Tamás Freund, president of the Hungarian Academy of Sciences (MTA) raised his voice and addressed László Palkovics, leader of the Ministry for Innovation and Technology (ITM) after the ministry unilaterally and without precedent modified the results of basic research scholarships decided by the National Scientific Research Committee (OTKA).
The OTKA is the main -and virtually the only – source of funding for Hungarian basic research projects. After the ITM’s intervention, MTA doctor András Váradi (who is also a member of the jury of molecular and structural biology and biochemistry) commented that the ITM had crossed an “unshakable scientific ethical boundary,” violating the principle that research grants can only be awarded on a strict professional basis and in fair competition. He also noted that this was unseen in OTKA’s more than 35-year history.
The Ministry, however, defended its decision, claiming that from this year on, a new science metric-based decision support system had been integrated into the evaluation process of OTKA scholarships. It also argued that 19 of the 320 decisions had been reviewed, but only nine scholarships had been subject to change, those which obtained “exceptionally high scientific metrics.” They also stated that now, the newly introduced system will also be reviewed and fine-tuned.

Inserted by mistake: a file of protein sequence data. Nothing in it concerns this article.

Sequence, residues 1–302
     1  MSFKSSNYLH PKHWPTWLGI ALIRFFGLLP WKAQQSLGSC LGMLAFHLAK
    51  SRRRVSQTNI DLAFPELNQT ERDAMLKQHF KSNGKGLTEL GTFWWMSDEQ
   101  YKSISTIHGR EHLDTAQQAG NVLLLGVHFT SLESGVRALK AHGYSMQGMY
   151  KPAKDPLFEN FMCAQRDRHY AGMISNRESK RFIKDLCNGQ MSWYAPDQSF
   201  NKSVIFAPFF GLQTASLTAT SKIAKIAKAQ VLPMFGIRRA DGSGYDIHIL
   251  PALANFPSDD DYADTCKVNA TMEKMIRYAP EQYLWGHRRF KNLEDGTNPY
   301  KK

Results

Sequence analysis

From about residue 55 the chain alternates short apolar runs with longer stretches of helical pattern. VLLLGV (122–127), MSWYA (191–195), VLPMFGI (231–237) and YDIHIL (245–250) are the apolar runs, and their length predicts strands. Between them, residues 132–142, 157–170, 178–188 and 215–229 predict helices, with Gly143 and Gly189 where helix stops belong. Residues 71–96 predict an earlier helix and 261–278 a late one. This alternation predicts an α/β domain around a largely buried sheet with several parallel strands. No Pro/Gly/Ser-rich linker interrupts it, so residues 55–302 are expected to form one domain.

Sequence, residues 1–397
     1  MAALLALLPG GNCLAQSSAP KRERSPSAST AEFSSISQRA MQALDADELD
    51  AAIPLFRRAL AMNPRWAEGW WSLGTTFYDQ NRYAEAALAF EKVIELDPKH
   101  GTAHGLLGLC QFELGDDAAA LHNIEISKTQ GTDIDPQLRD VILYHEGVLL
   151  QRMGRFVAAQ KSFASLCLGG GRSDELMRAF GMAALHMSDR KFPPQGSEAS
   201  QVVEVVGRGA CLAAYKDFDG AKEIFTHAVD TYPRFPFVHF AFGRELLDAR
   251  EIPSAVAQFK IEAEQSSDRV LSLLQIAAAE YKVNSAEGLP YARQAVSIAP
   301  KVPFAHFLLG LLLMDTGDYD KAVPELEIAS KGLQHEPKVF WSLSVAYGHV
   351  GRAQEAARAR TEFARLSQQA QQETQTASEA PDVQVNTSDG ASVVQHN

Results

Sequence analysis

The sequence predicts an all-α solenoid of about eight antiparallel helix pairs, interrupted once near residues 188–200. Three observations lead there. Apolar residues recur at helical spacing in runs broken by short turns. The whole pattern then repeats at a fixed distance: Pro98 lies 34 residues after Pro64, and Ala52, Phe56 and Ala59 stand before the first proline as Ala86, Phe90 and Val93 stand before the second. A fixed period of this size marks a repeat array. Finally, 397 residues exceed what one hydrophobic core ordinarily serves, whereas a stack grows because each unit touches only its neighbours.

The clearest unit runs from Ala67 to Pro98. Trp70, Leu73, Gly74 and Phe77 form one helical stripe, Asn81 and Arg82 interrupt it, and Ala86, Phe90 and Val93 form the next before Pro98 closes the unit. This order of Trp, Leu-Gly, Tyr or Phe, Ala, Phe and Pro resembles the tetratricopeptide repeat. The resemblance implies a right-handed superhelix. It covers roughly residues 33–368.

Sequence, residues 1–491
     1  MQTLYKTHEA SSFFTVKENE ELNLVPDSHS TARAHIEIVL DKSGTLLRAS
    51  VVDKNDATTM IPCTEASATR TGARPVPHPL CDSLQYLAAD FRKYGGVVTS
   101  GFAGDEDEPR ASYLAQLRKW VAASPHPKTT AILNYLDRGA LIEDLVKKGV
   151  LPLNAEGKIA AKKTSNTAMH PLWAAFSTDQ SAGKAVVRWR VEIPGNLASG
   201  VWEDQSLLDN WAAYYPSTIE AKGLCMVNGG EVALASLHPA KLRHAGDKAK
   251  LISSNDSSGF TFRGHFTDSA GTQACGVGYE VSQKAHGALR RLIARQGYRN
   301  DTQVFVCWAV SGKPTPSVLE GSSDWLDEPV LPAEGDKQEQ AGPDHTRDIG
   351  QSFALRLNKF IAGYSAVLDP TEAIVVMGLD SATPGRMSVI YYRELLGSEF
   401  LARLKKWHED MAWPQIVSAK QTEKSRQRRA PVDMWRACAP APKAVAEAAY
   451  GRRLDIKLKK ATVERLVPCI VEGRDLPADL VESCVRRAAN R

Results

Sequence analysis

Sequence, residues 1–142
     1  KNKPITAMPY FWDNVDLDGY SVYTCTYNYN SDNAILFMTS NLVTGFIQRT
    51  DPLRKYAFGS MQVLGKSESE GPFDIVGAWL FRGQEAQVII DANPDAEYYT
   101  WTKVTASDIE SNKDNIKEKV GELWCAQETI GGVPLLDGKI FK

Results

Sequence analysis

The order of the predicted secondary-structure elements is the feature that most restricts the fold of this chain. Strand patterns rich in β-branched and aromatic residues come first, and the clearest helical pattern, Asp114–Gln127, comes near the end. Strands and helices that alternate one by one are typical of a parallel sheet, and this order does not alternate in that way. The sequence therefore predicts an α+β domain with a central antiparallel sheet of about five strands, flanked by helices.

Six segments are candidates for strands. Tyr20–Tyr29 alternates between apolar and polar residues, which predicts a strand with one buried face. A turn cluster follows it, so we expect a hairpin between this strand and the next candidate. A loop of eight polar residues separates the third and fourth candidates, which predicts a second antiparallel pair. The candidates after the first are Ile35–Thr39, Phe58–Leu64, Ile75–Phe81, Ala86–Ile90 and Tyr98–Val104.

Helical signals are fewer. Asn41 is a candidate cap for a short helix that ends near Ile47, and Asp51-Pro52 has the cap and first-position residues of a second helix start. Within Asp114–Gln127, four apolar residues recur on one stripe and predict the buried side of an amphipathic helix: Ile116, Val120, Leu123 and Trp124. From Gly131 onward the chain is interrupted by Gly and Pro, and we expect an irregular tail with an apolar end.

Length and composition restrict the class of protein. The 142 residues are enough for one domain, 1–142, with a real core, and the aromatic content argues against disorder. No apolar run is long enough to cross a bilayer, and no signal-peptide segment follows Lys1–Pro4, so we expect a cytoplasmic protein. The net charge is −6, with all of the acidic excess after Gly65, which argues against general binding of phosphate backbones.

In a letter recently published by liberal Klubrádió, Freund argued that one of the cornerstones of his program was to “create new grounds of communication with the government, to build mutual confidence.” He now claims that he is shocked by the Ministry’s move.
He notes that earlier it would not have been possible that a higher-level body alter OTKA’s decisions- a law amendment voted in last year provided the means for political interference. He wrote he not only disagrees with the move in principle, “but it is also unprecedented that the Minister or the President of the Innovation Office has decided to award a grant against the qualification of a professional college.
He notes that the Ministry’s decision, for example, chose an applicant as a recipient of the scholarship whom the professional jury had earlier ranked last. Freund also cites Hungary’s Fundamental Law which states: “The State shall have no right to decide on questions of scientific truth; only scientists shall have the right to evaluate scientific research.”
As a consequence, Freund requests Palkovics to review the changes “in order to restore trust.”
The world-renowned neurobiologist, Tamás Freund, was elected
in July after MTA’s controversial
, government-forced restructuring
had taken place. He is known as a right-wing, moderately conservative, religious figure, who also has a good relationship with the Prime Minister, and thus was considered as someone who can bring compromise, mutual respect, and satisfaction with the government, although he is not an unconditional supporter of them.
This is not the only letter in connection with ITM’s decision. Four other renowned scientists (including former vice-president of the European Research Council Éva Kondorosi, former Science Academy president and educational minister in the first Orbán government József Pálinkás, and two of OTKA’s former presidents) addressed the Prime Minister, in hopes the government will reconsider.
featured image: Tamás Freund at the school-year opening ceremony at the Budapest University of Technology and Economics (BME); via János Philip/MTI/BME